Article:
as if her childhood were falling away.
And the long surge of the ocean
tears past Newfoundland,
choking the gulf with saltwater & life,
and Emma the child who played along these beaches
saying “Daddy will you take me out on the boat tonight?”
And he says “Well grab your jacket then. And a lifebelt too.
We’ll take the skiff and see what’s biting tonight!”
And her boyfriend, that was me:
paraded before mom and grandma
and dad who did not say ten words
the first days I was there
before opening a flood of stories,
the copper history of his life
engraved on those nights—World War II
and the fall of Hong Kong,
and dysentery starving him to half his weight
before the blast.
And the months before he was shipped home….
And the years waking at 3 AM, and by dawn
far out on the water fishing….
One winter night he walked
thirty miles on snowshoes
Because he could not wait to propose to his
girlfriend, Emma’s most beautiful mom.
There’s a photo I saw, in black & white.
He’s standing on the side of a hill
with Valerie and Emma swinging from his legs
colt-like and pretty,
neither more than waist high to him.
And he—their sole guardian & protector— reaches
one great hand down to each of their shoulders,
palms creased from hauling
two hundred feet of line down and up all day.
He holds them safe against the wind.
The hill slopes down to the sea
and now the wind has come up even stronger,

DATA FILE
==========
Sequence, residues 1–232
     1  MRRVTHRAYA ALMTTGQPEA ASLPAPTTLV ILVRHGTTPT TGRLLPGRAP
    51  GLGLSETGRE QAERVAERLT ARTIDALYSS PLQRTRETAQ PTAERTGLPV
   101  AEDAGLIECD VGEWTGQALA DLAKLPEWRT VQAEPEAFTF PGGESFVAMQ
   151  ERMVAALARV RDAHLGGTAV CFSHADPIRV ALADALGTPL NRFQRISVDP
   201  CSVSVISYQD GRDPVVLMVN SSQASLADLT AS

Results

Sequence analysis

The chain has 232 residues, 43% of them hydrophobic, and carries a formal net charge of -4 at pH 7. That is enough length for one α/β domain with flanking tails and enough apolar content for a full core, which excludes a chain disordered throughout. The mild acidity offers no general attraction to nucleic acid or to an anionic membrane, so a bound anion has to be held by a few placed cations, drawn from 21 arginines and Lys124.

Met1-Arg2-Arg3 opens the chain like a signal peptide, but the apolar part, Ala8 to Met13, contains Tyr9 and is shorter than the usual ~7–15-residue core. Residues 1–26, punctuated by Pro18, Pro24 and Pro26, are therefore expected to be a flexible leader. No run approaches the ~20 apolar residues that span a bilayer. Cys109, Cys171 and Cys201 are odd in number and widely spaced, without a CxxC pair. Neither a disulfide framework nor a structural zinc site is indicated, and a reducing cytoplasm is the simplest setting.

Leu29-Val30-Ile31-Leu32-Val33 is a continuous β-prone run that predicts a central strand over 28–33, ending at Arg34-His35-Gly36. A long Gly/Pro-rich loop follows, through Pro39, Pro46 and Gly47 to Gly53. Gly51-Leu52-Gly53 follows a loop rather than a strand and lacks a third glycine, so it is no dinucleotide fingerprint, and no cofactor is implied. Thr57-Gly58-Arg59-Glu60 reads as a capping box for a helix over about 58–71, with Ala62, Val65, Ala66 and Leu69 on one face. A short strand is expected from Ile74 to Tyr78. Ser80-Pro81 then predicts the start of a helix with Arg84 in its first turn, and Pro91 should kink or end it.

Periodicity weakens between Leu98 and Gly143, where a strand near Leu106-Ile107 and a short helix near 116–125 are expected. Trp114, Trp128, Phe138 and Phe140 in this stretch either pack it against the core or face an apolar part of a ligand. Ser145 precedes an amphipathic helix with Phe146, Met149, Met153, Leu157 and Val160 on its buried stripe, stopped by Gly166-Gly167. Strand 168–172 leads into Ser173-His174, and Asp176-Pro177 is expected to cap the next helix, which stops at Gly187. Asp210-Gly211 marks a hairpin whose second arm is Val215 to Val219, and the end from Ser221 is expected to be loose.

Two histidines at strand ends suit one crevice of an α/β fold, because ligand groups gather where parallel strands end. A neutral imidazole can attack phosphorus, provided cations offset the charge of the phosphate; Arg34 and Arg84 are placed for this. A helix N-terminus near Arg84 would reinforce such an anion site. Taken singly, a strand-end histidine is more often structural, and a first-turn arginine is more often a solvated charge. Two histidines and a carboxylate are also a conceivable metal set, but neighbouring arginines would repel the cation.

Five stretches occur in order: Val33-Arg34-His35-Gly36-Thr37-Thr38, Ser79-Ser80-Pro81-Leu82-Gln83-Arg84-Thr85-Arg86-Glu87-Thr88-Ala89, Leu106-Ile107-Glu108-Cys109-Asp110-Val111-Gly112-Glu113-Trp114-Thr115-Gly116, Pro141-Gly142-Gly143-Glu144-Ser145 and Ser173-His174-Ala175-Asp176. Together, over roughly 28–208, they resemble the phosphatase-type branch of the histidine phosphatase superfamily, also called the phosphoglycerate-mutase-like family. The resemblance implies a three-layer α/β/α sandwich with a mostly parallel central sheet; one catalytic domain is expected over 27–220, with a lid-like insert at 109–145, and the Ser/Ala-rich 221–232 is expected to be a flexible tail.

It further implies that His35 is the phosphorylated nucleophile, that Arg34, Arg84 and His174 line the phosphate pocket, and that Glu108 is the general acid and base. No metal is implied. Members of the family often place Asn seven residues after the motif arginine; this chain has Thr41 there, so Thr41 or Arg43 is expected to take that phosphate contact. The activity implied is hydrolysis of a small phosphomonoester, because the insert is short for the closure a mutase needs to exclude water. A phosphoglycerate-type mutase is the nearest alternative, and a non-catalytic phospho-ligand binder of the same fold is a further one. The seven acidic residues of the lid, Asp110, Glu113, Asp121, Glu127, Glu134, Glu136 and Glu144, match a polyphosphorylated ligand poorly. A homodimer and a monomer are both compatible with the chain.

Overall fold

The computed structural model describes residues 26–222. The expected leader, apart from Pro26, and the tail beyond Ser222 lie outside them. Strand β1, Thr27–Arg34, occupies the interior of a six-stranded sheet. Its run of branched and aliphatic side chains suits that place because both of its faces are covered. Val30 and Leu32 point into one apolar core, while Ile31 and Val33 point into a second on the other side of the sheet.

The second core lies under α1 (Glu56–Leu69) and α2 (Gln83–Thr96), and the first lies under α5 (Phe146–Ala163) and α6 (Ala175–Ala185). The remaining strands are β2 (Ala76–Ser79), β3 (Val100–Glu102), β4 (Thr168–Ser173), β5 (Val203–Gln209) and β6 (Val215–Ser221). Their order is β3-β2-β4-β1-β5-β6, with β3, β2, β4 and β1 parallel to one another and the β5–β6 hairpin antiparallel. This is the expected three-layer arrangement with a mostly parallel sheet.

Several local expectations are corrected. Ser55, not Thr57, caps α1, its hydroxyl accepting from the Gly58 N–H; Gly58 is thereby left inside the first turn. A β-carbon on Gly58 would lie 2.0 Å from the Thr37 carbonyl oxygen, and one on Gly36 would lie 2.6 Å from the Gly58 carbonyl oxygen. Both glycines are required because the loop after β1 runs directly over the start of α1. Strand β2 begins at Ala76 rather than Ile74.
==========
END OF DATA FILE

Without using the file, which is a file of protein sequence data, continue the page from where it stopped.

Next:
blowing his hair straight back
and his face weathered as if in bronze.
And she says “Daddy will you take me out on the boat tonight?”
And he says “O no, not this time Emma. It’s too black even now,
and by morning just you watch it blow.”
And isn’t that the night a wave shatters the wheelhouse
and they’re running from the wind
torn from the Gulf,
pitched four hundred miles to the North Atlantic.
Her dad’s gone now. Died starved for oxygen
in hospital in Montreal.
The daughters all have children of their own,
Emma and Valerie’s both in high school….
What is there in a photograph
that the soul and force of a man’s eyes
burn through it even now?
A girl could fall 40 years through time
feel her dad’s hand
rough against her shoulder….
For a thousand years people have fished this coast.
And when we return to that country
Emma holds my arm so tight
It’s as if the ground had shifted beneath her feet,
as if she were falling
as if her childhood had fallen away.
This poem was performed on Ian Ferrier’s CD, What is this Place (Bongobeat Records). It appears in print in his poetry book, Coming & Going (Popolo Press 2014).